DLPS039F December 2015 – April 2019 TPS99000-Q1
The DLPC230-Q1 is a controller for the DMD and the timing of the RGB LEDs in the HUD. It requests the proper timing and amplitude from the LEDs to achieve the requested color and brightness from the HUD across the entire operating range. It synchronizes the DMD with these LEDs in order to generate full-color video requested from the host.
The DLPC230-Q1 receives inputs from a host processor in the vehicle. The host provides commands and input video data. Read and write (R/W) commands can be sent using either the I2C bus or SPI bus. The bus that is not being used for R/W commands can be used as a read-only bus for diagnostic purposes. Input video can be sent over an OpenLDI bus or a parallel 24-bit bus. The SPI flash memory provides the embedded software for the DLPC230-Q1’s ARM core, color calibration data, and default settings. The TPS99000-Q1 provides diagnostic and monitoring information to the DLPC230-Q1 using an SPI bus and several other control signals such as PARKZ, INTZ, and RESETZ to manage power-up and power-down sequencing. The DLPC230-Q1 interfaces to a TPM411 via I2C for temperature information.
The outputs of the DLPC230-Q1 are LED drive information to the TPS99000-Q1, control signals to the DMD, and monitoring and diagnostics information to the host processor. Based on a host requested brightness and the operating temperature, the DLPC230-Q1 determines the proper timing and amplitudes for the LEDs. It passes this information to the TPS99000-Q1 using an SPI bus and several additional control signals such as D_EN, S_EN, and SEQ_START. It controls the DMD mirrors by sending data over a sub-LVDS bus. It can alert the host about any critical errors using a HOST_IRQ signal.
The TPS99000-Q1 is a highly-integrated mixed-signal IC that controls DMD power, the analog response of the LEDs, and provides monitoring and diagnostics information for the HUD system. The power sequencing and monitoring blocks of the TPS99000-Q1 properly power up the DMD and provide accurate DMD voltage rails, and then monitor the system’s power rails during operation. The integration of these functions into one IC significantly reduces design time and complexity. The highly accurate photodiode (PD) measurement system and the dimming controller block precisely control the LED response. This enables a DLP technology HUD to achieve a very high dimming range (> 5000:1) with accurate brightness and color across the temperature range of the system. Finally, the TPS99000-Q1 has several general-purpose ADCs that designers can use for system-level monitoring, such as over-brightness detection.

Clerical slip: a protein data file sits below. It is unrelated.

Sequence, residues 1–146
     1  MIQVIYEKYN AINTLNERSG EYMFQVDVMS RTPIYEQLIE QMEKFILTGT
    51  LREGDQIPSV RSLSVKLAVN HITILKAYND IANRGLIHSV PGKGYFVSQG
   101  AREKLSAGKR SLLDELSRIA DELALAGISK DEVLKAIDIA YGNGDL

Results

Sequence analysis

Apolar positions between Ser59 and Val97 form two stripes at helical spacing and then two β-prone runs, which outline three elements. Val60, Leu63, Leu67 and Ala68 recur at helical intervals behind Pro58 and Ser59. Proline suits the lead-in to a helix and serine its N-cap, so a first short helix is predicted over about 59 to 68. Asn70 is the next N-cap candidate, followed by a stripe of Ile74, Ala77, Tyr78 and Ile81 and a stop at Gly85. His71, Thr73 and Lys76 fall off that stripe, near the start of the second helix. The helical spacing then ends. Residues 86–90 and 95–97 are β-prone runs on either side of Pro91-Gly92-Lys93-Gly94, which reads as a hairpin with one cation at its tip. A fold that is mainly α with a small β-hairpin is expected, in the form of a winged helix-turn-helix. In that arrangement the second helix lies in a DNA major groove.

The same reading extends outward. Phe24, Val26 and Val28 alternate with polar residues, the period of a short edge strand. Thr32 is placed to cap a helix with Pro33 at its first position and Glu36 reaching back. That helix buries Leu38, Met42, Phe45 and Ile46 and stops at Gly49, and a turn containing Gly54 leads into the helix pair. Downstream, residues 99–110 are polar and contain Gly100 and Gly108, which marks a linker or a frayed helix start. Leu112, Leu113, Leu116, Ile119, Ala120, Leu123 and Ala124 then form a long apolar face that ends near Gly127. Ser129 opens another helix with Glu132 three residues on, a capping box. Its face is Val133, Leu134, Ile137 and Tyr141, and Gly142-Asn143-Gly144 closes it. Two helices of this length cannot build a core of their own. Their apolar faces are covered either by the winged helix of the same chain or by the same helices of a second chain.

The TPS99000-Q1 receives inputs from the DLPC230-Q1, power rail voltages for monitoring, a photodiode that is used to measure LED response, the host processor, and potentially several other ADC ports. The DLPC230-Q1 sends commands to the TPS99000-Q1 over a SPI port and several other control signals. The TPS99000-Q1 includes watchdogs to monitor the DLPC230-Q1 and ensure that it is operating as expected. The power rails are monitored by the TPS99000-Q1 to detect power failures or glitches and request a proper power down of the DMD in case of an error. The photodiode’s current is measured and amplified using a transimpedance amplifier (TIA) within the TPS99000-Q1. The host processor can read diagnostics information from the TPS99000-Q1 using a dedicated SPI bus. Additionally the host can request the system to be turned on or off using a PROJ_ON signal. The TPS99000-Q1 has several general-purpose ADCs that can be used to implement other system features such as over-brightness and over-temperature detection.
The outputs of the TPS99000-Q1 are LED drive signals, diagnostic information, and error alerts to the DLPC230-Q1. The TPS99000-Q1 has signals connected to the LM3409 buck controller for high power LEDs and to discrete hardware that control the LEDs. The TPS99000-Q1 can output diagnostic information to the host and the DLPC230-Q1 over two SPI busses. It also has signals such as RESETZ, PARKZ, and INTZ that can be used to trigger power down or reset sequences.
The DMD is a micro-electro-mechanical system (MEMS) device that receives electrical signals as an input (video data) and produces a mechanical output (mirror position). The electrical interface to the DMD is a sub-LVDS interface driven with the DLPC230-Q1. The mechanical output is the state of more than 1.3 million mirrors in the DMD array that can be tilted ±12°. In a projection system, the mirrors are used as pixels in order to display an image.